Is a Messy Desk Good or Bad at Work?

messy desk

office team

“Although not everyone cares about how your desk looks, having a messy workspace could lead others to question your professionalism,” said Robert Hosking, executive director of OfficeTeam. “Keep your desk tidy and you’ll be able to find what you need more quickly and increase your work efficiency.”

OfficeTeam identifies seven desk organization mistakes:

  1. Creating a pileup. Recycle or shred unnecessary paperwork and file or scan everything else.    
  2. Failing to contain yourself. Use pencil cups, drawer and file organizers and trays to keep items in their place.
  3. Hoarding. If you haven’t touched something in a year, it probably shouldn’t be on your desk. Keep supplies you access most often within reach, and the rest out of sight.
  4. Not being tech-savvy. Going paperless can help you reduce clutter and find information more quickly, but only if you use a digital filing system or organizational app to keep track of everything.
  5. Over-accessorizing. It’s generally fine to show some personality with your workspace decorations, but leave your teddy bear collection and gigantic cat posters at home.    
  6. Being “crumb”y. Clear your desk of food wrappers, empty coffee cups and dirty plates. Wipe off your work surface after eating.
  7. Cleaning just once or twice a year. Spend a few minutes at the end of each day straightening up your workspace so you can get a quick start in the morning.

 

 

Drowning in Email- Help!

email

Question: Help! I’m drowning in incoming email.  I start opening email in the morning and soon hours have passed and I haven’t done anything but sift through email.  How can I both manage my email and get my work done?

Answer: This is a very common challenge.  Here are some tips for getting in control of your email and assuring you have time to work:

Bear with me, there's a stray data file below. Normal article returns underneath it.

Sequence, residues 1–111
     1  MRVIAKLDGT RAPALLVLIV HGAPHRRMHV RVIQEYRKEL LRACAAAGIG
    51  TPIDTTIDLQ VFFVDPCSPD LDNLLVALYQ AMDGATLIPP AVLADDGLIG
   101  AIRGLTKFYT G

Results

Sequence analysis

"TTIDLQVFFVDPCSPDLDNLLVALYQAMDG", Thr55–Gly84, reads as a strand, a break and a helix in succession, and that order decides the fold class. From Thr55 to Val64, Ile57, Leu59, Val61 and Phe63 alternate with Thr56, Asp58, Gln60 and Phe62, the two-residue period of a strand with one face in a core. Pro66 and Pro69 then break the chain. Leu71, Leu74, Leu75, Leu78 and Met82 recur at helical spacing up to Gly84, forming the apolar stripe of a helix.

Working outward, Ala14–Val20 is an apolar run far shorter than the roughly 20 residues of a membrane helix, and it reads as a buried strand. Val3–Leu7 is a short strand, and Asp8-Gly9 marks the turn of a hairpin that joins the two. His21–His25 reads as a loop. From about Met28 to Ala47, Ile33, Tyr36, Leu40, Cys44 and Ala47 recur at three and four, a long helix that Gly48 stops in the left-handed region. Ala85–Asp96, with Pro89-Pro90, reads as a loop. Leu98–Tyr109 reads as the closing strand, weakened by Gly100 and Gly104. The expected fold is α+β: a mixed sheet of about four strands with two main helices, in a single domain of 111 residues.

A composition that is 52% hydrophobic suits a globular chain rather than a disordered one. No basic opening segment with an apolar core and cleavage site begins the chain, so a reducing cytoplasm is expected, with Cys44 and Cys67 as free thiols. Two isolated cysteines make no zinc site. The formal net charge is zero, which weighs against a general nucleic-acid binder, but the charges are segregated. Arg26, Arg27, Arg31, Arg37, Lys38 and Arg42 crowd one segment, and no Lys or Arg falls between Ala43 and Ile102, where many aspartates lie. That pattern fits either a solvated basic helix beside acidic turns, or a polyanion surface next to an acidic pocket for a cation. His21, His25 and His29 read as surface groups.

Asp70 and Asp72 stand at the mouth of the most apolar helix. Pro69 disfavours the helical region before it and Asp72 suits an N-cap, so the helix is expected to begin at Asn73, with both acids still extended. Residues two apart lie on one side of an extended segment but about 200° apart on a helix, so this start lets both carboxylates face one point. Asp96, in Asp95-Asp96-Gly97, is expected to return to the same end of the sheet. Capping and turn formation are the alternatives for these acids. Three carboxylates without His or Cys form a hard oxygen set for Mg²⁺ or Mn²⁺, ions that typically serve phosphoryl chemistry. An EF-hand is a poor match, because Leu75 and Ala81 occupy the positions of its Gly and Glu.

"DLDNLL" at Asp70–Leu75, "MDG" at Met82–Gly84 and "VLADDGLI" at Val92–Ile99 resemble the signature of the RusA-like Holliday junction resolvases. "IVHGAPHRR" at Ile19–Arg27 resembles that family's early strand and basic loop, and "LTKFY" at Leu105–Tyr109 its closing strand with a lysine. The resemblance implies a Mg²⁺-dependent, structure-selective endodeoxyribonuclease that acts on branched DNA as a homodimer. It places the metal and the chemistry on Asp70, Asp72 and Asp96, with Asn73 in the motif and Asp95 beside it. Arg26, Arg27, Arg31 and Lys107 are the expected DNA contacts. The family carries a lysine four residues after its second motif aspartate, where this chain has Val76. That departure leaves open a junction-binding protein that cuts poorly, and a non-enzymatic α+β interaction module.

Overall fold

• Don’t start your day by opening your inbox.  Get something, perhaps the most important something, done from your task list first.  This assures you’ve met one of the day’s goals before you delve into your inbox.
  • Reduce the frequency you check email.  Checking email every few minutes when you’re trying to stay focused on your work is a very distracting and costly behavior.  Experiment working in 25-90 minute sessions without checking email.  You’ll be surprised at how much you can get done and how the quality of your work improves without so much distraction.
  • Turn off notification sounds and icons.  These notifications, even just hearing or glancing at them, can cost hours a day in lost productivity.  Take control of your email and check you inbox on your terms.

Debbie Rosemont – www.itssimplyplaced.com

Falling Through the Cracks

post its

Question: Things are falling through the cracks at work.  I’m constantly forgetting to do things or neglecting to follow-up with clients.  I use sticky notes to remind myself of what I need to do and it often looks like my desk is covered in sticky notes.  Worse, I often either can’t find a note or forget that I made a note.  How can I get organized so things don’t fall through the cracks?